Tell us about yourself and your books.:
After I retired from law enforcement I decided it was time to write the story that had been sitting on the back of my mind for ages. I went to the local Barnes & Noble and bought all the magazines they had on writing. I knew I had to learn the craft. At the same time, I started the story. As I went to workshops, seminars and writer's conferences, I'd apply what I leaned to the story. After several years, I felt it was ready. A dear friend started a small publishing house and asked if I'd consider publishing with her. I did and I haven't looked back. I now have 12 books in publication. I have several series. One is a historical romance "Knights in Time," which has a time travel element. I have a contemporary thriller series set in Turkey called "Dangerous Waters." I've been writing a historical suspense series called "the Bloodstone Series." My new release, A Venomous Love, is the third book from that series. It is set in Victorian London and my protagonist is a London detective, Rudyard Bloodstone. I also have a WW2 romance novella series. I'm working on book 2 in that series.
Do you have any unusual writing habits?
I don't think so. I'm not superstitious by nature so I don't have rituals I follow when I sit down to write. I do set aside 3-4 hours in the afternoons to write and I try to do that six days a week. I try to get all my personal business done in the morning. I quit writing by five and spend the rest of the evening relaxing.
What authors have influenced you?
Bernard Cornwell writes the most visceral and dynamic battle scenes. In my Knights in Time series the Battle of Poitiers (1356) connects the heroes. I tried to recreate the visual strength of his works in my stories.
Julie Anne Long writes wonderful romances. I am not terribly comfortable writing love scenes and read through hers to give me direction.
Joe Wambaugh writes brilliant cop stories. He was with LAPD for years and knows how create police officers that have great humor and pathos.
Do you have any advice for new authors?
Commit to putting aside time to write. It is so easy to say you'll do it tomorrow. Writing is dedicating time to sit and type words on the page. Even if your busy day only allows fifteen minutes. Use them.
Also, join a critique group if possible. Fresh eyes need to see your work, not just family and friends who might not be honest so as not to hurt your feelings.
What is the best advice you have ever heard?
Never start by writing a narrative that's only purpose is too "set the stage" or give history to the opening characters. Those are almost always passive and dull to the reader. Whatever you want to tell them in that passive opening you can put in dialogue and action throughout the story.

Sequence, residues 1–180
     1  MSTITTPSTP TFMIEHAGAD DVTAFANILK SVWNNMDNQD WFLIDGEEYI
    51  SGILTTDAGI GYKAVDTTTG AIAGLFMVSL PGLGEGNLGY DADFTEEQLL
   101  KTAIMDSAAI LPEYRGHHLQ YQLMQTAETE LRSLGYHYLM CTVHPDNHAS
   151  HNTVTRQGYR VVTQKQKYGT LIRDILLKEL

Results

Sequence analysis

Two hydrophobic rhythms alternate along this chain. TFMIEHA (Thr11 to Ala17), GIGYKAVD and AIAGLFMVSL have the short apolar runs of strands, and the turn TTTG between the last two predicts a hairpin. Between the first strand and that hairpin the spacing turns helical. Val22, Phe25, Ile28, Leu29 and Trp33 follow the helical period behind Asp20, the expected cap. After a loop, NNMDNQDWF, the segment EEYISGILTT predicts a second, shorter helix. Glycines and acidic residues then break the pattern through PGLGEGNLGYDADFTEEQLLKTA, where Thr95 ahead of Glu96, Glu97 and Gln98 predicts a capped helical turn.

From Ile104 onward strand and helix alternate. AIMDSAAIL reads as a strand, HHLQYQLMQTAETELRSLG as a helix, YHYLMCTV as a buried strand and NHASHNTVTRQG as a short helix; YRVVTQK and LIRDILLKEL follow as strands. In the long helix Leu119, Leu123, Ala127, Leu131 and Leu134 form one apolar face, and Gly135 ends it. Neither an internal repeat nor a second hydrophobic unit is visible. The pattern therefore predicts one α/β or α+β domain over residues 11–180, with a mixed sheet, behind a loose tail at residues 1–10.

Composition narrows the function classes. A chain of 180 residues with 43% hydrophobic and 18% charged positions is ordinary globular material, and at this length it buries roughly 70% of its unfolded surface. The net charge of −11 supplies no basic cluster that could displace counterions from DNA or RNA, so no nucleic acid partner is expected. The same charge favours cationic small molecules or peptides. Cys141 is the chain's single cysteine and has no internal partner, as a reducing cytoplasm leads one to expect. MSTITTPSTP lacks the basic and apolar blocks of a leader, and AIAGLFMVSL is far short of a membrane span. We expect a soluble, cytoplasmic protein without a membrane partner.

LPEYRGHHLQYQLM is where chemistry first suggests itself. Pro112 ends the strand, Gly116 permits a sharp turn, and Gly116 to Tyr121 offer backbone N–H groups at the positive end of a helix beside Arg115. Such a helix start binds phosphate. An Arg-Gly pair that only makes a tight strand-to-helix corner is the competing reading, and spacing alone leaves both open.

What are you reading now?
I am reading "The Flame Bearer" by Bernard Cornwell. It's part of his Saxon Tales series, which I love. For research I'm reading "Reach For the Sky" by Paul Brickhill. It is about the greatest RAF pilot.
What’s your biggest weakness?
Getting distracted by my newsfeed or Facebook posts or something on television, a show my husband is watching in the den and I can hear.
What is your favorite book of all time?
The Lions of Al-Rassan by Guy Gavriel Kay.
What has inspired you and your writing style?
I've been inspired by my favorite authors. My father was a history professor and history inspires me. All my books have historical elements or are the basis for the plots. I want to see a world from the past or an event through the eyes of my characters. I enjoy going deep into those worlds using my characters.
What are you working on now?
I'm working on a WW2 romance novella. It's called "The Ack-Ack Girl." It's set in WW2 England and the heroine is a member of an anti-aircraft unit of women. She falls in love with an RAF pilot. I haven't gotten to the romance between them yet but I'm slowly progressing:)
What is your method for promoting your work?
I like blog tours with interview options and I also take out a fair share of ads. I work on getting reviews as well as they're so important.
What’s next for you as a writer?
I will be promoting "A Venomous Love" my new detective Bloodstone book for the next couple months. At the same time, I am writing my WW2 novella and hope to have it out by the holidays.
How well do you work under pressure?
I am a retired police detective. I spent 25 years in law enforcement. I started back in the mid 1970's when women were just beginning to be allowed to work patrol. I was assigned a high crime area and had to deal with those pressures. I later moved to SoCal and joined a department in the LA area, some pressures were the same, some not. I believe I was successful in that profession because I could handle pressure well.
How do you decide what tone to use with a particular piece of writing?
I try to use a mix of historical information, which I weave into a scene so it doesn't sound like a school lesson, I always try to include humor, courage and a sense of decency for the protagonists is important to me. They can make mistakes and do, but I want their moral core to be strong. I don't want to make any one character perfectly bad or perfectly good and that sets the tone for much of the story.
This site contains affiliate links to products. We may receive a commission for purchases made through these links.